Many Angolans are taking to social media to post alarming photos of huge piles of trash in the streets of the capital and the deteriorating situation at the country’s hospitals, which are struggling to cope with deadly epidemics of mosquito-borne illnesses like yellow fever and malaria. But you wouldn’t know about these crises if you just looked at the official press, which is painting a rosier story.
Below, the image on the left shows smiling kids tucked into clean beds in a sunshine-filled hospital wing. The image on the right shows a dark hospital corridor where at least ten people, including children, are sleeping on blankets spread on the floor. According to Zenaida Machado, the journalist and human rights activist who published this tweet, the first image appeared in the Angolan state newspaper, Jornal de Angola. The second was uploaded by an Angolan social media user.
Last week, several Observers alerted us about the catastrophic situation in Angolan hospitals, which are buckling under the pressure of hundreds of people ill with yellow fever and malaria. The situation is dire and one doctor told us that he was worried that these mosquito-borne illnesses would continue spreading.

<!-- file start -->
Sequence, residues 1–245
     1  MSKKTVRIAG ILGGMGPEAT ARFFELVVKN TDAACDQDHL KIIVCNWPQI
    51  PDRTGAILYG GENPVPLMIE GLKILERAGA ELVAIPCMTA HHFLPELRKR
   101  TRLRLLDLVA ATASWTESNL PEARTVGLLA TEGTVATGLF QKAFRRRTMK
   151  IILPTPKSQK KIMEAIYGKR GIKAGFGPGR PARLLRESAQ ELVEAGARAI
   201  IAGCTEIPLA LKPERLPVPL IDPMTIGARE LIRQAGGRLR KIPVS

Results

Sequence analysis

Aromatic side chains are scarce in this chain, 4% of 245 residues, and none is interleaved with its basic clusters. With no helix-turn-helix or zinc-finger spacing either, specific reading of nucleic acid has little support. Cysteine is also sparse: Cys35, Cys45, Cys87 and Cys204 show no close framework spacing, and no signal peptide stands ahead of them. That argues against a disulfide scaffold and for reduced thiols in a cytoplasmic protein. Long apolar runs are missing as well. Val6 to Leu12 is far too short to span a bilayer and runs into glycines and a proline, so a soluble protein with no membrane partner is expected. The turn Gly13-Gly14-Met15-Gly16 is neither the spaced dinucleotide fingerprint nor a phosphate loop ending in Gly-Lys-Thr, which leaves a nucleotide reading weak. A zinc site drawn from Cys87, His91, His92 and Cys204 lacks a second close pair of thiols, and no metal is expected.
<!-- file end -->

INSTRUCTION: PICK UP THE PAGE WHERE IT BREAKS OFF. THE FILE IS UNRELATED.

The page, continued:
Meanwhile, the Jornal de Angola was busy congratulating the country’s sanitation workers and publishing stories that claimed that the number of cases of malaria was decreasing.
One of our Observers told us about how the families of the ill are often forced to wait all night to donate blood to their loved ones. This problem isn’t even mentioned by the Jornal de Angola, which instead wrote about the 200 members of the Brigada Jovens Solidários (BJS, or Solidarity Youth Brigade in English) who donated blood. The BJS is an organization close to the government that carries out public awareness campaigns about health issues.
Perhaps unsurprisingly, the official press also skipped over photos of the huge piles of trash sitting in the streets of Luanda, Angola's capital. These trash piles serve as breeding grounds for mosquitos. Instead, the Jornal published photos of Luanda’s rare clean-up campaigns.